“Once you identify what the core driving force is, there’s the cliche saying, be stubborn in your goal, but flexible in your approach.” 

“It really is, even with Shakti and TDC, about trying to take up space in places where you haven’t seen anyone like yourself is inherently difficult at times. For me, it’s really about checking in on why I’m doing it and making sure I’m doing it for the right reasons. That’s always at the forefront. “

Number 2: Gain practical/work experience: “Spend as much time as you can really leaning into any experiences or opportunities to talk to anyone who’s already doing the work that you want to do, to better understand what that looks like, in real-time would be really helpful,” she advised.

For those interested in law, she said, “Have a really hard look at why you want to be a lawyer.” 

“The last thing you want to do is to spend that amount of time, interest, energy, money, pursuing that career and then realise two, three years later this isn’t what you want to do.”

Number 3: Hard work: “One last piece of advice, I’m sure you’ve heard this before, but it is still hard work. It’s a lot of time and there are a lot of sacrifices involved.” 

“For the past two years, while I’ve been doing what I’ve been doing, I had no social life. My social life is my friend and colleague Jae, who nominated me for this award. Thank you Jae for the nomination!” 

“It really comes at a cost, and I suppose it speaks to the systems and structures and issues at play. It also comes back to asking yourself the question: ‘why am I doing this?’ and acknowledging that it’s bigger than you, but without you, it can’t happen.” 

“At the end of the day, these are all great initiatives and social impact is good, but you have to take care of number one because if you don’t, you can’t do this work in the long run.”

Rising Tides

There’s a saying that goes, ‘A rising tide lifts all ships,’ and it aptly characterises Sheetal’s experience with the South Asian women who inspire her and have guided her journey.

When we asked Sheetal who her role models and mentors were she gave us this list. 

“Four women come to mind.” 

“First, my mother. If not for her sacrifices, I wouldn’t have the opportunities or privileges I have today. Including sacrificing the pursuit of higher studies to marry my dad, a stranger to her then, because that’s what her family needed her to do.” 

“Second, Dr Rita Dhamoon, my undergraduate professor and mentor. She not only sowed the seeds of my political and social science studies but fostered their growth as well as mine.”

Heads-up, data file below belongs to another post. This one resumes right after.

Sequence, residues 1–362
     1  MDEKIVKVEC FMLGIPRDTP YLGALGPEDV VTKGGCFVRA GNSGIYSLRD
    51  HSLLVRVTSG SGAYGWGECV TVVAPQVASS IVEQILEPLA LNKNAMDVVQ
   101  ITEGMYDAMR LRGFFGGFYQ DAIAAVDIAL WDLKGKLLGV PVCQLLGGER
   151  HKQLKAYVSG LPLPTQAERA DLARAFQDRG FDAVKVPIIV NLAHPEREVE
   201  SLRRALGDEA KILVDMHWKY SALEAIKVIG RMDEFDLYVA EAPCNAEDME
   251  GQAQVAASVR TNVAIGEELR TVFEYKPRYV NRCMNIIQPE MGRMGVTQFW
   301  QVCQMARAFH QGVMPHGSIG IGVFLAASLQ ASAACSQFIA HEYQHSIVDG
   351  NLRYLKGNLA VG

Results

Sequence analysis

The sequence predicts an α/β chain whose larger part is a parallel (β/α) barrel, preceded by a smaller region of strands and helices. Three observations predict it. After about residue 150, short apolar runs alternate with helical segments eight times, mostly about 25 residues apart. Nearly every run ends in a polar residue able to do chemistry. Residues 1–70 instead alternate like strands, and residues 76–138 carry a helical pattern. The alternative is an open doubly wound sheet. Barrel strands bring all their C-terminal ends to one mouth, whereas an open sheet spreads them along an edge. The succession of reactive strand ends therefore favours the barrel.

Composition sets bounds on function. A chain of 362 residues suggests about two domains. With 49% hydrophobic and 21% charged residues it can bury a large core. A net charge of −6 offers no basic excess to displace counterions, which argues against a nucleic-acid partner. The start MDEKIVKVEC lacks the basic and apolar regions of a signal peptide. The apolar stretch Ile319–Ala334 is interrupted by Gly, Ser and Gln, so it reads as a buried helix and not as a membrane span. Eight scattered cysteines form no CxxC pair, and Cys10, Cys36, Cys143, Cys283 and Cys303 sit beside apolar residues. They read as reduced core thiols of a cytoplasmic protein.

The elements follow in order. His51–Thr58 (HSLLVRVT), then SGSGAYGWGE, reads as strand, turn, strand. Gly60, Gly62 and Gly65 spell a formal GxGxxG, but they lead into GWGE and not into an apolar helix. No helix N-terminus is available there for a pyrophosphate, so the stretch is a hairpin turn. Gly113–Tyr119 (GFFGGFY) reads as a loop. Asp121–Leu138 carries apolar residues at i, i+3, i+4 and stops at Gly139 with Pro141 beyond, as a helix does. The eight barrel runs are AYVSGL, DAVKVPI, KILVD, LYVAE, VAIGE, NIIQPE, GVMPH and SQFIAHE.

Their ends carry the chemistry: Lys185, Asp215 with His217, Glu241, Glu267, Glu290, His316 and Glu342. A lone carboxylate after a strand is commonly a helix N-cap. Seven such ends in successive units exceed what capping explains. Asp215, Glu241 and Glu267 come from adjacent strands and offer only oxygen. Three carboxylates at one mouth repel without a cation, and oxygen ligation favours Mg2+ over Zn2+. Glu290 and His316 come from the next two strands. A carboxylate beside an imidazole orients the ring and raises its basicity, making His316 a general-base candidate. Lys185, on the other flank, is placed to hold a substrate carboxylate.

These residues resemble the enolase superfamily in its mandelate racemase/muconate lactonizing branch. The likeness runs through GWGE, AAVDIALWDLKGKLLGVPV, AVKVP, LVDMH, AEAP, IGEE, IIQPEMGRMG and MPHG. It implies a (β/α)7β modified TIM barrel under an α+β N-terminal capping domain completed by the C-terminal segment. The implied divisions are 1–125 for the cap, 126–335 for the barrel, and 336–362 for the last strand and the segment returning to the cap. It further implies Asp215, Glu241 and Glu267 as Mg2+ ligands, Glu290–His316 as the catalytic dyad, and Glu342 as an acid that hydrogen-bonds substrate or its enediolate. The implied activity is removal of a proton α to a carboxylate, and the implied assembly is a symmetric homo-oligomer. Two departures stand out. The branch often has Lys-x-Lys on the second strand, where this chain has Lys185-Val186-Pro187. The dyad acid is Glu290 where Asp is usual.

“Third and fourth are Dr Satwinder Bains and Dr Sharanjit Sandhra.” 

“These two women are the heart and soul of the South Asian Studies Institute (Canada), formerly known as the Centre of Indo-Canadian Studies. The Centre provided access to platforms and opportunities which would otherwise have been inaccessible to me on my own.” 

 “These four women, of many, have played a pivotal role in forming the person I am today.

 

 

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To keep up to date with Sheetal’s journey follow her on Linked In, Instagram via @SheetalDeo, or on her website, www.sheetaldeo.com  

ASAC is humbled to have Sheetal as one of the four 2022 Australia’s Stellar South Asian Women recipients. We’re in awe of her dedication to improving legal services for marginalised and underrepresented communities and the admirable work she does to raise awareness and provide education across her many platforms.    

Sheetal’s commitment to serving the community through her various roles illustrates the kind of leadership and drive we associate with our Stellar winners and seek to uplift through ASAC.  

We look forward to seeing where Sheetal’s career goes from here and wish her every success with her future and ongoing initiatives. 

Want to read the upcoming Stellar Winners’ interviews?

Follow us on Instagram, to stay in the loop as we share the next 2 winners’ interviews in this series!

 

About the Stellar Series

In collaboration with South Asian Heritage Month (18 July – 17 August), the Australian South Asian Centre hosts its Australian Stellar South Asian Women’s series, recognising exemplary emerging and established South Asian creatives, activists, founders and leaders whose voices and work are a force for good. Our awardees are women who are not only successful in their fields but also generous and supportive of those around them; their presence paves the way for future South Asian community leaders.